Any weakening of Russian support for Mr. Assad could be one of the first signs that the recent tumult in the oil market is having an impact on global statecraft. Saudi officials have said publicly that the price of oil reflects only global supply and demand, and they have insisted that Saudi Arabia will not let geopolitics drive its economic agenda. But they believe that there could be ancillary diplomatic benefits to the country’s current strategy of allowing oil prices to stay low — including a chance to negotiate an exit for Mr. Assad.
That’s a quote from a New York Times article that ran in February of this year.
At the time, we pointed to the piece as evidence that yet another conspiracy “theory” has become conspiracy “fact” as it effectively served to validate (to the extent The New York Times is validation) the thesis that at the end of the day, this is all about energy.
If the Saudis could use oil prices to force Moscow into ceding support for Bashar al-Assad in Syria, then the West and its regional allies could get on with facilitating his ouster by way of arming and training rebels. Once Assad was gone, a puppet government could be installed (after some farce of an election that would invariably pit two Western-backed candidates against each other) then Riyadh, Doha, and Ankara could work with the new government in Damascus to craft energy deals that would not only be extremely lucrative for all involved, but would also help to break Gazprom’s iron grip on energy supplies to Europe.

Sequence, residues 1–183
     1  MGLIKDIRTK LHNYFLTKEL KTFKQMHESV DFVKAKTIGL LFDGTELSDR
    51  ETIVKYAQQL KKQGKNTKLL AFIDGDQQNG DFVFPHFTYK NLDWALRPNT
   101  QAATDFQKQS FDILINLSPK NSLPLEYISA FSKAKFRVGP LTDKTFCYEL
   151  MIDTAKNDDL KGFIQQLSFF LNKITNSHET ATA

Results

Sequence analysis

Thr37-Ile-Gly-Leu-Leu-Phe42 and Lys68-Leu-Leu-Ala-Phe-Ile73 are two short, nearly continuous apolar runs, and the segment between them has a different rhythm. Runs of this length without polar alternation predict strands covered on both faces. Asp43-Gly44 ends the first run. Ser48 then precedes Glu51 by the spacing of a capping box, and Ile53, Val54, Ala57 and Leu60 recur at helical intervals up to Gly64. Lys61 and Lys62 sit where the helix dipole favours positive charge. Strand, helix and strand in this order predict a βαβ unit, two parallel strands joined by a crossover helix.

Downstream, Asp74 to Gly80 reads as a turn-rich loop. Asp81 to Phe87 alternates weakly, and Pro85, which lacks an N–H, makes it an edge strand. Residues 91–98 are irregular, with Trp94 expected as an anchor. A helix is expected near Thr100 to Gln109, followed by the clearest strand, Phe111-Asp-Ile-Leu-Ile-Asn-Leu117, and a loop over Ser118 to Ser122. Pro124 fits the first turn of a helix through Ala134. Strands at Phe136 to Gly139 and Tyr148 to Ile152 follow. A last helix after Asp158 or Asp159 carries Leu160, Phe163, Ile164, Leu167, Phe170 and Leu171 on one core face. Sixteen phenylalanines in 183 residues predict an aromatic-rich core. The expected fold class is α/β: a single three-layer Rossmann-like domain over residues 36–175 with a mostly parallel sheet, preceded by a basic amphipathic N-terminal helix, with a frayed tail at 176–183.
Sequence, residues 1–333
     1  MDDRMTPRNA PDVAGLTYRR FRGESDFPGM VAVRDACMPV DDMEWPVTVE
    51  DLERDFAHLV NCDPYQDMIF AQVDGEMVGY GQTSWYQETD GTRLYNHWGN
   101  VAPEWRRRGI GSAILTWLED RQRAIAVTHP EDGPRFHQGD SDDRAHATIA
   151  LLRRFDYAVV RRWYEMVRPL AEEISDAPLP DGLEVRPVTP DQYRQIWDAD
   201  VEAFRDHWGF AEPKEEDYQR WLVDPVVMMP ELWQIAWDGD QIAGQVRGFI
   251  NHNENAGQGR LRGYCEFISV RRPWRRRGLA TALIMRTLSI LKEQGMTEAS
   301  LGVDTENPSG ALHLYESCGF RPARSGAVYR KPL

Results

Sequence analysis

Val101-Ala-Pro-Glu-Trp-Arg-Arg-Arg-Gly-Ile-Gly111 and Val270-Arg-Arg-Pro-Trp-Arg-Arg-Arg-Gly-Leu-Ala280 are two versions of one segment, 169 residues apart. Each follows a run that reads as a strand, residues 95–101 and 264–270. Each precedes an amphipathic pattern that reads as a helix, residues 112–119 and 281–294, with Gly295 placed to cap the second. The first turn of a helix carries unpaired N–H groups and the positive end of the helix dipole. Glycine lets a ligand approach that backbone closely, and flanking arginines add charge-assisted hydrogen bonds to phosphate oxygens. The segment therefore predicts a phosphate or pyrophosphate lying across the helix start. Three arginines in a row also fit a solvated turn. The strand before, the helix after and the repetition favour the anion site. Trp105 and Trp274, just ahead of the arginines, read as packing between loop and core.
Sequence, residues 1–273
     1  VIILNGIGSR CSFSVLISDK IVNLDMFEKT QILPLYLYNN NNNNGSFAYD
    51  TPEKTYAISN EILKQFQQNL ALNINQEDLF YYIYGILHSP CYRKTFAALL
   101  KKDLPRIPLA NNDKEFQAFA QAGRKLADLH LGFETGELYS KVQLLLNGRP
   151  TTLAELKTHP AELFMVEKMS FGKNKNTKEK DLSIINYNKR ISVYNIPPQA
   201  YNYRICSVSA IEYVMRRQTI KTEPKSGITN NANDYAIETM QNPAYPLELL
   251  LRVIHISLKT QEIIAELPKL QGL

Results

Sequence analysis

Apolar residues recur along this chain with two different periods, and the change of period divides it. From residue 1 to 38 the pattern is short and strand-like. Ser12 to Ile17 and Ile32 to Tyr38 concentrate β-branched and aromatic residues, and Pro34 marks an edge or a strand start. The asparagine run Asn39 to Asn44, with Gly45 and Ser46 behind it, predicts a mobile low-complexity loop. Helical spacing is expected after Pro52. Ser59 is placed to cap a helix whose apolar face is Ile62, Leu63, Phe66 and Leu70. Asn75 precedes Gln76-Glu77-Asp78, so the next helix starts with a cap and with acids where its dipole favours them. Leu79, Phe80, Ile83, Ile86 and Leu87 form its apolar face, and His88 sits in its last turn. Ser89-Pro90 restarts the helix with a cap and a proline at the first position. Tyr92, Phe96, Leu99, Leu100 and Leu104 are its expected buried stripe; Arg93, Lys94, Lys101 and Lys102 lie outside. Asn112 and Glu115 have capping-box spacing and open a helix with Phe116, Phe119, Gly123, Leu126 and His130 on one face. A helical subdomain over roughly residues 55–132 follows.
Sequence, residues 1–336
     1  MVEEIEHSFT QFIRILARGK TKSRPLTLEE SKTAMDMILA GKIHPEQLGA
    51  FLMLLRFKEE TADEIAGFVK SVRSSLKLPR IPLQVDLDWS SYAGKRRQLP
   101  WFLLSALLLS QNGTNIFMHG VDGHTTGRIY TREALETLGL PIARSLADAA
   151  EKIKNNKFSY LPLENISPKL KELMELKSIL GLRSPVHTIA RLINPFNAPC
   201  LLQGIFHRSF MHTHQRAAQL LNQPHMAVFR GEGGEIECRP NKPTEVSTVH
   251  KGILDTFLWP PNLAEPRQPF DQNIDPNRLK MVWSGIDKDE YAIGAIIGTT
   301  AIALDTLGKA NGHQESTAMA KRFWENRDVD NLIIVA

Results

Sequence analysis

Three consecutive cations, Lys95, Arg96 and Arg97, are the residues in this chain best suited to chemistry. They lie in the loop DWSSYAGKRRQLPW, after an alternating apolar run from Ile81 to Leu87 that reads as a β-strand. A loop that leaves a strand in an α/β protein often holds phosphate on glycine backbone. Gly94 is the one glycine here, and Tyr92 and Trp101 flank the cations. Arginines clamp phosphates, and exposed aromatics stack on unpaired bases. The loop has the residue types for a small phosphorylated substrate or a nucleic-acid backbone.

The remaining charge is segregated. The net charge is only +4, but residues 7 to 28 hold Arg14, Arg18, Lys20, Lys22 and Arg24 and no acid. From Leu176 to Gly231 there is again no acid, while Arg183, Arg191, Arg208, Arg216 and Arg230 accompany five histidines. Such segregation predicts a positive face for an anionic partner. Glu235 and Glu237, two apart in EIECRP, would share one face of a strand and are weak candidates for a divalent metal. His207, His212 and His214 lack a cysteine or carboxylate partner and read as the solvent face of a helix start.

Those are the “ancillary diplomatic benefits” mentioned in The Times piece.
Only it didn’t work out that way.
Instead, Russia just kind of rolled with the economic punches (so to speak) and while there’s probably only so much pain Moscow can take between low oil prices and Western sanctions, Putin has apparently not yet reached the threshold.
Additionally, Riyadh decided to fight a proxy war with Iran in Yemen and, combined with the necessity of maintaining the status quo in terms of the lifestyle of the everyday Saudi, the kingdom is literally going broke as the budget deficit is set to come in at an astounding 20 percent of GDP and the current account plunges into the red as well.
As for the Russians, not only did they not abandon their support for Assad, they in fact struck up a closer alliance with Iran, whose oil supply threatens to add to the global deflationary supply glut once sanctions are fully lifted (by the way, Sunday is “Adoption Day” for the nuclear deal), on the way to restoring the Assad regime in an all-out military invasion.
Adding insult to injury (or “energy” as it were), Russia briefly topped the Saudis as the top supplier of crude to China in May.
As you can see, all of this is inextricably connected. The above represents the intersection of i) energy, ii) geopolitics, iii) the global economic slowdown as exemplified by China’s hard landing, and iv) monetary policy.
Now that Russia and Iran have cemented their alliance and look set to control the future of Syrian politics, the Saudis are rushing to establish a foothold in traditionally Russian-dominated markets. Both Moscow and Riyadh will suffer if Chinese demand doesn’t rebound swiftly or worse, continues to decline. Meanwhile, as long as the cost of capital is zero, at least some uneconomic U.S. supply will likely remain online, pressuring prices further and perpetuating the entire dynamic.
Full article: Saudi Fears Over Emerging Russia-Iran Energy Nexus (OilPrice)